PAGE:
Oh no, what a terrible loss.Sending you good thoughts. Run free sweet Karmel.
Oh Beryl - I never knew her but the tears are falling down my cheeks, for you, for david, for her... Im so sorry. more no-one else could have done, you are an incredible example to a galgo mama, I will bless her and say a prayer as she has crossed over now to rainbow Bridge where she will be in full swing and clean health helping all those who need a galgo guardian angel. Bless you for all you have done for her, my deepest thoughts go to you now as I know this hurts. I send a big hug and god bless you all.
Run free Karmel.
Charl (del Rio)
We are so sorry to hear abouy Karmel but you gave her as good a life as she could have had, its always very sad when you loose an animal because they are more than just an animal they are friends and companions and loved ones we really do know how you feel.
Love Ivan et Thelma xxX
I am so sad in reading these lines!! I have seen again your Karmel at Ciudad Real, at least she has got severals months of happyness with you, she has been loved and it was the best present for her, she knows that and I am sure she stay around you for taking care of you and her friendBig kiss in these so difficult moment
Nathalie (Nathalie Pollet was one of the team from EDL with whom I travelled to Spain to collect Karmel from the refuge.)
About 20 minutes ago I had visited your website and read that Karmel was poorly again. Two minutes ago I had looked at your site again to confirm that I had the right email address for you, as I wanted to write to know how she was doing. Between times, she had gone. I was so distressed to read that. Poor little girl, and poor you. I know how you must be feeling, and there are no words that can help at the moment. What can one say, except that she ended her life having known love, comfort and care, when it could have been very different if she hadn't found you. I am so, so sorry.
Susie xx (Susie Kelly introduced me to Craig, my webmaster)
Sorry to hear the news. She, as you say, was a beautiful galga, we will always remember her gorgeous eyes. I know how you must be feeling...but at least she is at peace and not in pain or discomfort anymore.
June & Martin (J & M have adopted 2 galgos)
I read the news on Galgo News and felt terribly sad, I had followed your reports about her illness months after months, God, she had a fantastic, carring family, thank you for taking such good care of this beautiful girl... Karmel...
I remember she pissed on my sofa, that night you stayed at our place , I still have the picture of her from that day...
You are doing a lot to help some other Galgos and Pods too, be sure she will watch you from the Bridge, smiling a hug GalgoSmile, she can really be proud of your involvement.
I watch my old Tina Galga who I have been fostering for a few weeks now, I hope she will soon get a nice family, like Karmel did... Take care Beryl, she will always be in our hearts...
Barbara (President Le Bulletin des Levriers)
So sorry to hear about Karmel, Beryl.
best wishes Lucy
Please accept my sincerest sympathies on Karmel's passing. I hope you are somewhat comforted by the knowledge that through adopting her, you began a journey that has helped scores of other Galgos on their journey to health and happiness.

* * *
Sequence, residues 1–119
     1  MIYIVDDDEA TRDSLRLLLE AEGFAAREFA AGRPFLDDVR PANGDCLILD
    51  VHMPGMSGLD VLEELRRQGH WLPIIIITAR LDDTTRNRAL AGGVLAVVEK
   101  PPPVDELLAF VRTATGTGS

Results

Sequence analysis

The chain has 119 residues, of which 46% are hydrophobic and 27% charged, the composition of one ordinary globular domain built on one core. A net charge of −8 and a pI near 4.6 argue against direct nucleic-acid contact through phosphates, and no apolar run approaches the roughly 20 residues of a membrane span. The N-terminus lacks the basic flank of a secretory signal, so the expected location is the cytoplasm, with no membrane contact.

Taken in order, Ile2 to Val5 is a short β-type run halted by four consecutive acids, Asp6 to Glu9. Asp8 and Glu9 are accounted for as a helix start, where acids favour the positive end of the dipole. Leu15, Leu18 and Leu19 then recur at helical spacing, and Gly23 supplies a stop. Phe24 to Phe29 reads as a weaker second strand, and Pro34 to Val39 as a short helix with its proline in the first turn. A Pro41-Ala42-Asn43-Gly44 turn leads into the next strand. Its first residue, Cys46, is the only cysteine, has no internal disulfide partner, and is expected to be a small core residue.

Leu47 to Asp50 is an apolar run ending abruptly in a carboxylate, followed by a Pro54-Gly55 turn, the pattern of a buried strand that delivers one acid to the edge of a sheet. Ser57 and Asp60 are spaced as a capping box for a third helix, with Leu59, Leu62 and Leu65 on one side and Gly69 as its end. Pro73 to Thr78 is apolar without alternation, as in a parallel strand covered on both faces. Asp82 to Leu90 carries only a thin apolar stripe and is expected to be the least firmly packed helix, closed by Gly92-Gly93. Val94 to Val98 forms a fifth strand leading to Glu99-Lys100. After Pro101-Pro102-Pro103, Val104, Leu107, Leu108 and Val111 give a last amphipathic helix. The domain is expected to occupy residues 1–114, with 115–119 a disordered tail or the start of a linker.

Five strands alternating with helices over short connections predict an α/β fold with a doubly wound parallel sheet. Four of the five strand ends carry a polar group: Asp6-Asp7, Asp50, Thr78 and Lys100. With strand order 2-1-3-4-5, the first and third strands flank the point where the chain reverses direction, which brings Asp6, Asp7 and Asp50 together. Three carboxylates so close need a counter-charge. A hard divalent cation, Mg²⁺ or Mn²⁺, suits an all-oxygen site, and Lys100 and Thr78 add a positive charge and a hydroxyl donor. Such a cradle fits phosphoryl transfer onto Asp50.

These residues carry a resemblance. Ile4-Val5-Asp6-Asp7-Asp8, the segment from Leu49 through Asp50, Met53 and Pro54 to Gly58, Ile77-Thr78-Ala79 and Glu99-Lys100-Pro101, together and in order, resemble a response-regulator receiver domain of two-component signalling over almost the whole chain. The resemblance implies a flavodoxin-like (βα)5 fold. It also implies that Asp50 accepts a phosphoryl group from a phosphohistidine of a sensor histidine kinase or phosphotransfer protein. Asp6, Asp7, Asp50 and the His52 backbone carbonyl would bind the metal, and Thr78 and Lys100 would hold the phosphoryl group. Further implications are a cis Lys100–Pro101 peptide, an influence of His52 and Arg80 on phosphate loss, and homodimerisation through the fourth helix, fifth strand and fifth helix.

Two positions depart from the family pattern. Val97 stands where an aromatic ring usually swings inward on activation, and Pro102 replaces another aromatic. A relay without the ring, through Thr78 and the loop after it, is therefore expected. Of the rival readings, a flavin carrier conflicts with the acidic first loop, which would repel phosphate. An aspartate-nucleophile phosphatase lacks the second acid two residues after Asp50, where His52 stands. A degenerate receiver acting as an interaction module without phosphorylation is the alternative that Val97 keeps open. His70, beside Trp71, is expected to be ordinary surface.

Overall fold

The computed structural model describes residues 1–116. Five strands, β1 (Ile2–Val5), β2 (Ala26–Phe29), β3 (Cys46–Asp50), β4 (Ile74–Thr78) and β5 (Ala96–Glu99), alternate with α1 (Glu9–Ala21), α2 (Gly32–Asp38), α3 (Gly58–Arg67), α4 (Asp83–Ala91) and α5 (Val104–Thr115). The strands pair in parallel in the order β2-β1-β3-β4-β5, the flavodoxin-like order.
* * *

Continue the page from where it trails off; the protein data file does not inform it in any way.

Your story somewhat parallels that of my first adopted GH, Reebok, in 1995. I had a 10-yr old Doberman who was turning into a bored couch potato and wanted to adopt an older companion for her, but I was also raising and showing Siamese and Orientals and assumed that Greyhounds, a breed I'd admired from afar, were incompatible with indoor cats, and were adopted as young dogs.
A co-worker had seen a poster for a retired GH gathering in a town near mine, and asked if I knew where the street was. For no logical reason, I visited the event. When I got there, I encountered dozens of lovely people and their treasured pets, and noticed several hot-pink posters (I loathe the color, so it was like waving a red cape at a bull) reading "foster or permanent home urgently needed for 7yr old cat-safe Greyhound" . I found the woman who'd taken him in, and announced to her that I'd be adopting him. She looked shocked that a complete stranger wanted this dog, sight unseen and history unknown, but I explained that it was Fate. A local dog officer had called Helane because he knew she was a GH adoption volunteer. People had found the dog and kept him overnight before turning him in.
Through his tattoos, Helane tracked down his adopter. Reebok had been adopted straight off the track 3 yrs earlier, by people who'd given him no medical care save visiting a town-operated rabies clinic. The woman said he kept getting out of the house and raiding neighbors' trash cans, so she had given him to relatives who had 2 other large dogs. The dogs persistently picked on him, so he was returned to her. She claimed that she had him in her car when she stopped and opened the door to shoo a bee out of the front seat, when he leaped out and ran off. If that is true, she made no attempt to locate him. She told Helane, who already owned 6 retired racers, that she did not want him back.
Helane took him to be examined, vaccinated, and neutered through the adoption group for which she was a volunteer, so that I was able to adopt him from her house, eliminating a kennel stay that would have been yet another disruption for the poor guy.
Immediately, he settled in and I was a GH devotee. A month or so later, I noticed that one side of his forehead seemd swollen, in what turned out to be a retro-bulbar abscess that the vet thought had probably been brewing for a long time. She removed a large splinter of wood that had worked its way up through the back of his mouth.
He'd always urinated a long stream but I was not alarmed because he was much larger than my small Dobie, and I'd been told Greyhounds eat, poop, fart, and pee a lot.
Five months after adopting him, I noticed weight loss and even more urine - preliminary tests led to a kidney ultrasound-guided biopsy confirming glomerulonephritis, which is generally well-managed with steroids. But a couple of weekends later, he began panting rapidly. After an EKG at the emergency clinic, we were off to the hospital at Tufts Veterinary School, because he had an arrhythmia.
They admitted him, and later that night he developed DIC (disseminated intravascular coagulation), which meant he had both leaking blood vessels and clots blocking several major organs. Specialists were called in overnight - they could have operated to remove the clots, but thought he was a poor surgical risk, and they had no way of preventing more clotting and leaking, so I felt that though I'd have liked to be with him at the end, it was unfair to prolong his suffering for the hour that it would have taken me to get there.
The intern who'd admitted him was already very fond of Reebok, and I was relieved that someone caring would be stroking him as he joined Sirius, free to run amongst the stars. It was also a consolation that in his final months, this dog, who'd so often been considered disposable, knew he was priceless.